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Hey folks, I have been looking online and can't find a good answer, thought i would pick the brains of you guys out there. any help is appreciated.

i am a new college student, age 37, and i have been accepted but need to take my placement exams. i have always been brilliant at words and grammar- literally scored the highest possible on my GED, entrance exams twice before, and wrote award-winning papers in school. but math? it took me until the 5th grade to learn to read a clock, but i had a college reading level in second grade. its almost hilarious how lopsided i am.
i REALLY don't want to score badly on these placement tests- last time i went to school (about 7 years ago) i had to take remedial math. i really just want to place normally on it this time so that i can get my required math out of the way. i am good at geometry and drafting, and that is about the only mathematical application that i could imagine using in my work ( i am studying film and i might need to know some drafting for set design- maybe).

in short, i need to study my math for these placement tests (i learn excellently on my own which is why i have not gone back to school all these years). i want to find some sort of software or website (for Mac) that i can test myself with. even some sort of game would work. anything i can find seems to be for much younger kids. i really want to LEARN something, not just "get by". i want to brush up as well as absorb the knowledge. i studied surveying for a while and after a couple months i had a HUGE math breakthrough and i know my mind can eventually think that way. having a program would help me enormously.

i hope someone can throw some ideas at me- something like rosetta stone but for math? thanks a bunch, and i hope everyone has a great holiday. : )

If you find a Rosetta Stone or LiveMocha for math, please let me know, too. It's my worst subject. I did manage to escape remedial math in college, though. Make sure you've taken up to Algebra II / Trig before you take the placement exam. Assuming you know basic Algebra, just brush up on a few common geometry and trigonometry formulas. Then, study algorythms and such for Algebra II. Later, take a CLEP exam. This should place you in the Pre-Calculus sequence when you take your entrance exam, meaning you won't have to take remedial math.

As for math learning software, I don't know of any off hand. Software that helps with memory might be helpful, though. Here's a link (http://www.mnemosyne-proj.org/download-mnemosyne.php. - broken link). There should be a flashcard program and some other memory tricks you can use. I recommend you take advantage of your strong linguistic background and treat formulas like new words. Try making up definitions or stories to go with the "word" to help you remember the formula. Yeah, it's a little time consuming, but memorization is the only way I know to do math. Also, try to understand the problems as you are working them out. It's tempting just to memorize the order of operations and treat the problems like a set of meaningless puzzles, but try to understand why you picked certain answers and what the problems are really saying. This website's (http://http://www.math.com/practice/Algebra.html - broken link) kind of low tech, but it does have some helpful resources.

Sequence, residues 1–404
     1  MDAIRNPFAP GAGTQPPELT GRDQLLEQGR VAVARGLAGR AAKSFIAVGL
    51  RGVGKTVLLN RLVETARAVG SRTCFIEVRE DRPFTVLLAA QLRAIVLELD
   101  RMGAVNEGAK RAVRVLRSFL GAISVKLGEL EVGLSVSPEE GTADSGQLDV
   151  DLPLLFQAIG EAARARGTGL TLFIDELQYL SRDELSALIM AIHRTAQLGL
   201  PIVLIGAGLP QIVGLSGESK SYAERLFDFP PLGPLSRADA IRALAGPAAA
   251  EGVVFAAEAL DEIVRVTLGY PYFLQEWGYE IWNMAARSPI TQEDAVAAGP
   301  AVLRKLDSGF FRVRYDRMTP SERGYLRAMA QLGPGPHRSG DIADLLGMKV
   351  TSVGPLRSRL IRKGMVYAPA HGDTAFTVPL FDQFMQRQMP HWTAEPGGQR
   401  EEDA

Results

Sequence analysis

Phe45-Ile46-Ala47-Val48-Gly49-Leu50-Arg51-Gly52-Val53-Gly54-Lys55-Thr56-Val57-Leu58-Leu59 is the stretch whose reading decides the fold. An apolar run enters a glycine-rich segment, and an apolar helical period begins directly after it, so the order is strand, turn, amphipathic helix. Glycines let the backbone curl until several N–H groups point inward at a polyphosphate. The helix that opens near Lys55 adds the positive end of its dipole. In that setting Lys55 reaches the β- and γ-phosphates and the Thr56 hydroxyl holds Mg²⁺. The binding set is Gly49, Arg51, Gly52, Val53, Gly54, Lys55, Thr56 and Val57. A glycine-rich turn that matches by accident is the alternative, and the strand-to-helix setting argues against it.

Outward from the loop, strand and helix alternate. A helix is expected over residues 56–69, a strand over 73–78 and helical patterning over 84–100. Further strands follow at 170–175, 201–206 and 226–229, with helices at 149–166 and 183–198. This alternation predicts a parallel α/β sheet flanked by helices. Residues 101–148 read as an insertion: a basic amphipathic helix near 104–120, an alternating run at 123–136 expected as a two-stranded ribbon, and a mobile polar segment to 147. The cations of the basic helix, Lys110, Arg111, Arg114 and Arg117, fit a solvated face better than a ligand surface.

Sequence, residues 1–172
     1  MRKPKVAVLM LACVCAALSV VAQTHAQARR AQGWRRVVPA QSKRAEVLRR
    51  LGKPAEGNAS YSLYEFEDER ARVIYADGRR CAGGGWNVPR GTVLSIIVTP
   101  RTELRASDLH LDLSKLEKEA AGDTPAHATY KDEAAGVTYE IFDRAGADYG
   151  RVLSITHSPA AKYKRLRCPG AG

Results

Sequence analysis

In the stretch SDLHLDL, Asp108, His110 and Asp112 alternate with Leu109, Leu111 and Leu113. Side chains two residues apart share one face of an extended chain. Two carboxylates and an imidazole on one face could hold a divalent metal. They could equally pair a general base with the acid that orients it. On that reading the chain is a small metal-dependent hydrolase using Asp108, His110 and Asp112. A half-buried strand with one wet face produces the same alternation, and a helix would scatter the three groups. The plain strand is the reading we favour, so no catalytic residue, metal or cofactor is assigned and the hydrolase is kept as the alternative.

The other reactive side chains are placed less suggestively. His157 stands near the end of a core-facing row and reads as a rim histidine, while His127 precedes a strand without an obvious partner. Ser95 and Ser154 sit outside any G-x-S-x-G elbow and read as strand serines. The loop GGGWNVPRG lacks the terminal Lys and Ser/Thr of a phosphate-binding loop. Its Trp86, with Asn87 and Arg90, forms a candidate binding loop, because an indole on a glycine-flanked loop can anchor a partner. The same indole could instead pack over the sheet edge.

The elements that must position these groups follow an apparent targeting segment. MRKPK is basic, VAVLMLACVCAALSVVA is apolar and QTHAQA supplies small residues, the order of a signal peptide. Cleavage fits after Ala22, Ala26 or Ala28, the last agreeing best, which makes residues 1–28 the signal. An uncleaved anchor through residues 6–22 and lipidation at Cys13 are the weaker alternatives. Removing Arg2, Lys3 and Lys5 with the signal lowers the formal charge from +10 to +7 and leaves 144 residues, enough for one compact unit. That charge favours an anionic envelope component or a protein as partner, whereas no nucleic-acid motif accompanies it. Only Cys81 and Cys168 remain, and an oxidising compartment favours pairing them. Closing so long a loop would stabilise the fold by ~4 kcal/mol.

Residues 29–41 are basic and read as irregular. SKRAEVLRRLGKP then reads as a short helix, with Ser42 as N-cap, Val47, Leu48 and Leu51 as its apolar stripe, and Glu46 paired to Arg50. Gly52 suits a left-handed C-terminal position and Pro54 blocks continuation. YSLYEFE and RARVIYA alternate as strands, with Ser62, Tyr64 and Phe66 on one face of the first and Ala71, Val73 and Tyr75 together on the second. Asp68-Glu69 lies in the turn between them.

If you find a Rosetta Stone or LiveMocha for math, please let me know, too. It's my worst subject. I did manage to escape remedial math in college, though. Make sure you've taken up to Algebra II / Trig before you take the placement exam. Assuming you know basic Algebra, just brush up on a few common geometry and trigonometry formulas. Then, study algorythms and such for Algebra II. Later, take a CLEP exam. This should place you in the Pre-Calculus sequence when you take your entrance exam, meaning you won't have to take remedial math.

As for math learning software, I don't know of any off hand. Software that helps with memory might be helpful, though. Here's a link (http://www.mnemosyne-proj.org/download-mnemosyne.php. - broken link). There should be a flashcard program and some other memory tricks you can use. I recommend you take advantage of your strong linguistic background and treat formulas like new words. Try making up definitions or stories to go with the "word" to help you remember the formula. Yeah, it's a little time consuming, but memorization is the only way I know to do math. Also, try to understand the problems as you are working them out. It's tempting just to memorize the order of operations and treat the problems like a set of meaningless puzzles, but try to understand why you picked certain answers and what the problems are really saying. This website's (http://http://www.math.com/practice/Algebra.html - broken link) kind of low tech, but it does have some helpful resources.

Anyway, I hope that helps a little.

thanks!! that little trick with the formula is a really good idea. funnily enough algebra is one of my better subjects, because of the letters. i don't know why that makes a difference, but.....

i DO want to know the formulas, not just memorize. i don't want to learn a bunch of stuff and then promptly forget it. good hint too on the level of math i will need to pass the placement- and i had been reading about the CLEP, that is probably the way to go. i am willing to wait a semester if i need to instead of going in completely math-ignorant. if i find a program like rosetta stone for math, i will DEFINITELY let you know. til then, i will check out those links and i will also look up some hard copy stuff to study with. thanks again, that is great info!

These sites might be able to help with basic math, Algebra & Geometry.

For more advanced math (http://http://iweb.langara.bc.ca/mathstats/resource/onWeb/precalculus/index.htm - broken link), try this site. I wish you luck.

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